This has turned into rather a big rant, but this seems ludicrous to me. I'll happily be corrected if my assumptions are wrong, or if the answers I've repeated to questions I've asked above are wrong. I've simply written this because I want the situation to be improved and I have no way of improving it within the organisation. 

By the way, I don't want to be told to use Dropbox or Google Docs or any other number of filesharing web apps which I'm already using. I want the organisation who are meant to provision this facility as part of agreeing to host my research to actually do it. That is the only outcome I will be happy with. 

It looks like only 1 in 10 people who publish in open access journals actually make their data accessible anyway. With barriers like the one I've come up against, I'm hardly surprised!

Does your workplace have a policy that you must be able to share data, but give you no way to do it?
Do you think the provisions I've been given are acceptable?


UPDATE 6/9/2012:
Today I met with a member of the Scientific Computing department who picked up on this post, thought they could help us and set up a meeting to discuss. I'm pleased to report that I think we're going to move forward and try to implement something for our group which will rectify this issue and hopefully provide a better data management and sharing system going into the future. I'm very grateful to them for their response and quick action to try to help with this situation, and kind-of glad I wrote this post after all! Next steps are to discuss with my group exactly what we need and how it should function, and we should see some progress and hopefully implementation after that. Win for the blogosphere!

UPDATE 10/12/2013:
This post has been slightly edited from it's original format. While we still don't have a solution in place, at least this post has led to some discussion and offers from a number of quarters to help solve it.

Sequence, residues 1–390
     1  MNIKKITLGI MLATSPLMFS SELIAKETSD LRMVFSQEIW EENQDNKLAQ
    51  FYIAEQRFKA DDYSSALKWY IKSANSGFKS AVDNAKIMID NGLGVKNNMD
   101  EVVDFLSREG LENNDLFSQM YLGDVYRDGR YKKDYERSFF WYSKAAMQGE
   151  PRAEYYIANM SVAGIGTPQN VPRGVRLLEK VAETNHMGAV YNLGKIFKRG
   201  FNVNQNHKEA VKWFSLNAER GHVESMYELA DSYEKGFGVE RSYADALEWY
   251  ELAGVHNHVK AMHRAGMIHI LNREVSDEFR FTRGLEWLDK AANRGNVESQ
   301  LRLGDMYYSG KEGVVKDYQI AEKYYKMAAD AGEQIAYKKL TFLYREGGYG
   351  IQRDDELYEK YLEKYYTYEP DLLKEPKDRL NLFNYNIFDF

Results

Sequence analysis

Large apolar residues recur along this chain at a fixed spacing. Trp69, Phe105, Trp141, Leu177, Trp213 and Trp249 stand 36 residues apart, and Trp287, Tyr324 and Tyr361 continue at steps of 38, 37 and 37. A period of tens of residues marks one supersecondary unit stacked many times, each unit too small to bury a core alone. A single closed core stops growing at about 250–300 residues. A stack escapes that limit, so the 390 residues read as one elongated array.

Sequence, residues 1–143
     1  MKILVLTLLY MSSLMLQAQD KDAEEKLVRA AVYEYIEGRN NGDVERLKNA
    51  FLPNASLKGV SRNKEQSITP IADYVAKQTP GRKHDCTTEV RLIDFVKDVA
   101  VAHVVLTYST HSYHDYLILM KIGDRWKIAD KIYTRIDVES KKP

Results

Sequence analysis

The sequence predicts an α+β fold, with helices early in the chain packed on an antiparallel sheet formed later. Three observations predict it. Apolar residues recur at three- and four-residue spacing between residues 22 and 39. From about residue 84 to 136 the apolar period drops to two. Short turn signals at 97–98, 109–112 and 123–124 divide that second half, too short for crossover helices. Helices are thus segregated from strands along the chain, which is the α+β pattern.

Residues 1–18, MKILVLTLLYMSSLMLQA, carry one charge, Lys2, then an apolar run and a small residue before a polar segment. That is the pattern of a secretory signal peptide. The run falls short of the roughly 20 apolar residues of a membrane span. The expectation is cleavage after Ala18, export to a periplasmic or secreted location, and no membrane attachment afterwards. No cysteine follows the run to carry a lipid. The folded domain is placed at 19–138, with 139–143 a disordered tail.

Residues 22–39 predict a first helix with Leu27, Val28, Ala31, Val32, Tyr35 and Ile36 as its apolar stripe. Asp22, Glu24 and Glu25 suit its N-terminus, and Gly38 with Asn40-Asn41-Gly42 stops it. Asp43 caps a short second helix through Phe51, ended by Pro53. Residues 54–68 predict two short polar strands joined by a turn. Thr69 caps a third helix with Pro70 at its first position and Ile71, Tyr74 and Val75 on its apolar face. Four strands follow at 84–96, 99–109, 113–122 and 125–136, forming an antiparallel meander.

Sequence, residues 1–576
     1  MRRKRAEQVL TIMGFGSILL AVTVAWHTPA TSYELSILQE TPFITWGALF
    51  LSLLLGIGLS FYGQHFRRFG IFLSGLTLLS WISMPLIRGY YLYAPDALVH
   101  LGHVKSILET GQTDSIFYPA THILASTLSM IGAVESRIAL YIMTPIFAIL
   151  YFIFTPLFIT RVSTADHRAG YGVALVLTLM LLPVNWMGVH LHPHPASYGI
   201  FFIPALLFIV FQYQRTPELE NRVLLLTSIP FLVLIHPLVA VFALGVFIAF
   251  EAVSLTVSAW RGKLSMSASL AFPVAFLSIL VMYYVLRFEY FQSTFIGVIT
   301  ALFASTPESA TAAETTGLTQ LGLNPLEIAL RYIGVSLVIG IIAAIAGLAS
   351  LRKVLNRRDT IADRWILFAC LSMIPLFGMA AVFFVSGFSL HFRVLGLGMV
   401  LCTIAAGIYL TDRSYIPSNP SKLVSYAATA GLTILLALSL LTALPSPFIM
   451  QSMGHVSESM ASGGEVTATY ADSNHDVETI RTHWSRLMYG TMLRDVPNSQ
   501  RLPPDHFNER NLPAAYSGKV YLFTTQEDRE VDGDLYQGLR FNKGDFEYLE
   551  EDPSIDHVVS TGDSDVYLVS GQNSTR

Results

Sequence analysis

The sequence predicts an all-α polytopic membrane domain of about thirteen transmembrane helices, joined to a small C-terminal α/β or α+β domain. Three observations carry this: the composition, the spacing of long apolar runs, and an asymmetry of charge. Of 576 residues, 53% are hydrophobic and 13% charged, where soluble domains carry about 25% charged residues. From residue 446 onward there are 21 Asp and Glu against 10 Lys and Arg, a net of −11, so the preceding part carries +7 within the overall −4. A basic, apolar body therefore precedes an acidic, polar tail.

Tuesday, 21 August 2012

Working in a male-dominated field: learning to see the positives


I’m a woman and I’m a scientist. I don’t identify with the words ‘nerd’ or ‘geek’ because I think they have negative connotations of social awkwardness. I am feminine. I might not wear pink, but I read InStyle magazine, watch Great British Bake Off and paint my toenails. But this post isn’t about reclaiming words like ‘geek’ or removing negative connotations though, far from it. It’s about everyday life as a ‘feminine’ woman in a very male-dominated area of science.

In my research group I’m the only woman. I’ve been to workshops and conferences where I’m the only female scientist attending. I’ve been mistaken for a secretary and asked whose wife/girlfriend I was at social events more times than I care to remember. But I enjoy smashing the stereotype when I point out that I’m a scientist. They always apologise profusely. I understand why they’d assume I wasn’t one, as statistically speaking it’s quite a likely hypothesis.

Sometimes though, people do say inappropriate things. At a recent event one attendee actually used the words “You don’t see many women like you around here, I mean, with such perfect eyelashes and a dress”. Umm… what? I felt so uncomfortable. Up until that point we’d been talking about physics and entrepreneurship. I was wearing a striped Breton knit dress from Jaeger which had ¾ length sleeves and went past the knee – with a very low heel. I don’t expect to have my looks commented on in a professional situation. I made him uncomfortable by staring at him for a second or two. He realized he’d said something inappropriate, started to make apologetic noises, then I let him off the hook and made a joke about it. After all, I can take a complement.

Anyone who knows me can tell you I have no problem holding my own. I usually just give them some feisty banter or a joke straight back. They don’t intimidate me and I don’t sweat the small stuff**. I don’t even notice any more if there aren’t any other women around. I do try to feel flattered if someone complements me on my looks, but there have been situations where I’ve been prevented from effective networking by virtue of being the only ‘skirt’ in the room.